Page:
Air Force Cancels iPad Order
February 24, 2012

Air Force Cancels iPad Order

Nextgov reports that the Air Force Special Operations Command (AFSOC) has canceled a planned acquisition of 2,861 Apple iPads. The iPads were going to be used as electronic flight bags, replacing the current 40 pounds of charts and technical manuals that the pilots and flight crew currently carry on-board the plane.

Apparently the purchase was withheld because of a specified reader program titled GoodReader. This program was developed in Russia and met the security standards that the Air Force was looking for.

But the director of the Army project Connecting Soldiers to Digital Application, Michael McCarthy told Nextgov that he would not use the software because of the potential security risk.

According to Bernie Skoch, a retired brigadier general with extensive security experience, every line of code has to be examined in order to ensure there is no malicious software embedded in the system, that could eventually end up in the electronic flight bag.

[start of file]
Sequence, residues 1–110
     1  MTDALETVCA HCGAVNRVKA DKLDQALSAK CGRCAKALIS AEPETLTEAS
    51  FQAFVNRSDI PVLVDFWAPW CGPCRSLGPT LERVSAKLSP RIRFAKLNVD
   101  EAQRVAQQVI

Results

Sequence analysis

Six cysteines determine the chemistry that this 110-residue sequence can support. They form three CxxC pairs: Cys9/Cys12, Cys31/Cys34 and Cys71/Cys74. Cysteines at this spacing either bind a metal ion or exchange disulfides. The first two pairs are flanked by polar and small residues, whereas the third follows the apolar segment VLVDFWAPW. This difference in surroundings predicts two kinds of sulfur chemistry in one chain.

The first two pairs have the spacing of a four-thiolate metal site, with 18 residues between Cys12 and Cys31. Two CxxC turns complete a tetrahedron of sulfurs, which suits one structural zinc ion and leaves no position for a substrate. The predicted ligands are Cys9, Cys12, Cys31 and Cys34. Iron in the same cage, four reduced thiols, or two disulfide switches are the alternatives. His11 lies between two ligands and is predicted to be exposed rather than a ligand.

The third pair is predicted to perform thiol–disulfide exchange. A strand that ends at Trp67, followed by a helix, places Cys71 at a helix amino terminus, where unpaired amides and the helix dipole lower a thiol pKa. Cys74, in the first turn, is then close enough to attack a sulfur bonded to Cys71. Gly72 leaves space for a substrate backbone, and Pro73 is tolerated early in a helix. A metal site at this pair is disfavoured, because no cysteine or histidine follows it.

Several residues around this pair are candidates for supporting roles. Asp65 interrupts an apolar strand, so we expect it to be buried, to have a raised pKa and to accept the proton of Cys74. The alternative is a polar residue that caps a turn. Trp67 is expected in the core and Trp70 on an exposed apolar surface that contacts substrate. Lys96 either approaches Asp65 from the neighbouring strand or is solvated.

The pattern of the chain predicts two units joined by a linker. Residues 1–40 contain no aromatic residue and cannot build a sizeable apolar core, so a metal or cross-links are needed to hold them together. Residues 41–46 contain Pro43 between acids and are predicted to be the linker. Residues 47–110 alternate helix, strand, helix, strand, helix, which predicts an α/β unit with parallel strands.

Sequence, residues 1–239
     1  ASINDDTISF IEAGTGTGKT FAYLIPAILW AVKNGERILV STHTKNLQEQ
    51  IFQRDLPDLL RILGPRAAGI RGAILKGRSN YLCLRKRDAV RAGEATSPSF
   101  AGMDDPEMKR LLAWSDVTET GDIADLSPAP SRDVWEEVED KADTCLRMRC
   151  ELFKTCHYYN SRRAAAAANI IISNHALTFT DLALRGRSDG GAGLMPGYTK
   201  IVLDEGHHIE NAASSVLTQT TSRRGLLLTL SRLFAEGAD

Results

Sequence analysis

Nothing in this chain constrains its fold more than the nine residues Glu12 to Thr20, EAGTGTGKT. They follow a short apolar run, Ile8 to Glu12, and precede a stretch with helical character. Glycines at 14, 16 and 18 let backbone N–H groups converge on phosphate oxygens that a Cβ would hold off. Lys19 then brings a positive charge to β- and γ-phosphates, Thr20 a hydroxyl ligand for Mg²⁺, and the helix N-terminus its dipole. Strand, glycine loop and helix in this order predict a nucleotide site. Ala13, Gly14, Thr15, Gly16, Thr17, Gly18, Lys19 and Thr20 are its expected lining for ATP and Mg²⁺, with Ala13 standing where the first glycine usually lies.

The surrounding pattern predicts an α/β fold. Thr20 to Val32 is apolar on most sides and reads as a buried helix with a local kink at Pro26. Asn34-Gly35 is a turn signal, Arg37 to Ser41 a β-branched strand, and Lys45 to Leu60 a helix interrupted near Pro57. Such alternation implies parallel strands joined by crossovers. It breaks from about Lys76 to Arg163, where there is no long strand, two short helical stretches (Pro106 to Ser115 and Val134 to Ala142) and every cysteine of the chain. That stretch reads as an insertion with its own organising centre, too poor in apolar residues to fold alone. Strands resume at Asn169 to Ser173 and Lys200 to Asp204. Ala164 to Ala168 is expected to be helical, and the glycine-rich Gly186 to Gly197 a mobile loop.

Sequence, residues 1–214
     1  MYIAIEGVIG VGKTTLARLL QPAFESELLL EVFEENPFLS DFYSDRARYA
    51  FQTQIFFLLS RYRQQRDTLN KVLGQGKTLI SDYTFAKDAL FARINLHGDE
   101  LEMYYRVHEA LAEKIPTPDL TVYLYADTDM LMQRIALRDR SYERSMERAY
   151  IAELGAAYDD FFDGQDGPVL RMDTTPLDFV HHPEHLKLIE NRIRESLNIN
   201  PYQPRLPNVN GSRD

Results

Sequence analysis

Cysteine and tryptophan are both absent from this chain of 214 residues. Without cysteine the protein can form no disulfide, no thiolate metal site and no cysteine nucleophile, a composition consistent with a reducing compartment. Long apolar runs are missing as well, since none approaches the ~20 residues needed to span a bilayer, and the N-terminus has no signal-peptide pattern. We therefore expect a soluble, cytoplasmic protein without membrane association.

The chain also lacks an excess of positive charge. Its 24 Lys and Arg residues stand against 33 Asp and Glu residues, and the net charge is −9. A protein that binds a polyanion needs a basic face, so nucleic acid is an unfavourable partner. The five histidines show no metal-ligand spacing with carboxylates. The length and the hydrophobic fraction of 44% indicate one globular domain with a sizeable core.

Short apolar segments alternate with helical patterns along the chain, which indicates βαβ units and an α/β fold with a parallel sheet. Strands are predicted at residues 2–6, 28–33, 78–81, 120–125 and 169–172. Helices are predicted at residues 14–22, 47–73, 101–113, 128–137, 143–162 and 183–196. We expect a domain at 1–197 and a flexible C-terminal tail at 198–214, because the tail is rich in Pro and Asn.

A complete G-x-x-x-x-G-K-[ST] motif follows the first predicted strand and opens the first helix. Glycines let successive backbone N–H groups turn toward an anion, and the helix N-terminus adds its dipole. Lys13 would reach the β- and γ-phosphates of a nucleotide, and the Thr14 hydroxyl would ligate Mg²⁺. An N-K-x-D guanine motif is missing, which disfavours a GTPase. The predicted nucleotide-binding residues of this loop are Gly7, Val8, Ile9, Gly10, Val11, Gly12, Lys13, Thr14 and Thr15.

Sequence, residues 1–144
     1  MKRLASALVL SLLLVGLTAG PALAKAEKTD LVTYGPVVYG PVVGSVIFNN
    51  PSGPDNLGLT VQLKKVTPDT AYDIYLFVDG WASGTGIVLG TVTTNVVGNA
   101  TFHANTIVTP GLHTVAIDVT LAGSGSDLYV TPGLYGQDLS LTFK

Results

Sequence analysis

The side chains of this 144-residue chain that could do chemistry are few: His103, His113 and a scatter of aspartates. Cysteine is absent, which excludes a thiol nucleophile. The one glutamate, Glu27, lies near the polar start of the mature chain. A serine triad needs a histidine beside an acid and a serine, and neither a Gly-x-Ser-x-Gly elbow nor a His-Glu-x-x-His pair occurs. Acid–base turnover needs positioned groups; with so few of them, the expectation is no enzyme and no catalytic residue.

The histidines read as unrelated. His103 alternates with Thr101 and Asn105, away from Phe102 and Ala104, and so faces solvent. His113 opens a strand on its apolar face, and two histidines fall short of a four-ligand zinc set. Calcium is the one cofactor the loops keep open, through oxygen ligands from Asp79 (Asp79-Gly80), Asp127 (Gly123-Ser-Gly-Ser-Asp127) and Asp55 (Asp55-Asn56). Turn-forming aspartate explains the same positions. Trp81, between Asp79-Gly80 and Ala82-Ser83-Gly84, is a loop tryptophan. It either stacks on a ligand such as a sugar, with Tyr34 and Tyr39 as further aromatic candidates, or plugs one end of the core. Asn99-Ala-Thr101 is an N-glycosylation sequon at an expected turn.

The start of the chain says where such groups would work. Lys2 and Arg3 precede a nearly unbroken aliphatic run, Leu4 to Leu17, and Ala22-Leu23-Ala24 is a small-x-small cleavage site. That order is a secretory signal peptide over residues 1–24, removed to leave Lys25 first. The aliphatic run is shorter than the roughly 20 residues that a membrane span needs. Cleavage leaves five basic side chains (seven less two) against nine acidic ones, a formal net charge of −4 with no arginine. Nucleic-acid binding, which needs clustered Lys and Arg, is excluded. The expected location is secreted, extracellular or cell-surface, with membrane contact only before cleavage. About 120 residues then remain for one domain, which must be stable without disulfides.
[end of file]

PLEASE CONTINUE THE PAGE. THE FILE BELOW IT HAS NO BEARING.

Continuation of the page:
Captain Kristen Duncan says that the electronic flight bag program has not been canceled. The Air Force still plans on using tablet computers in the cockpit, but it is still being evaluated. She said, “We continue to look at each component of the [electronic flight bag] program to ensure we do the right thing for our airmen, don´t introduce unnecessary risk into operations and provide the best tools available to conduct the mission.”

Other Air Force commands, reports PCMag, are moving forward with plans for the electronic flight bag. The Air Mobility Command (AMC) is continuing its plans to put tablet computers in its planes, according to AMC Public Affairs chief Major Mike Andrews.

Even commercial airlines are adopting the technology for its pilots. Last month American Airlines was approved as the first commercial airline to use iPads in the cockpit even without powering them down during takeoff and landing, the riskiest maneuvers for airplanes. Currently other airlines are going through the FAA´s tablet approval process including Alaska Airlines, United and Continental, and Delta.


On the Net: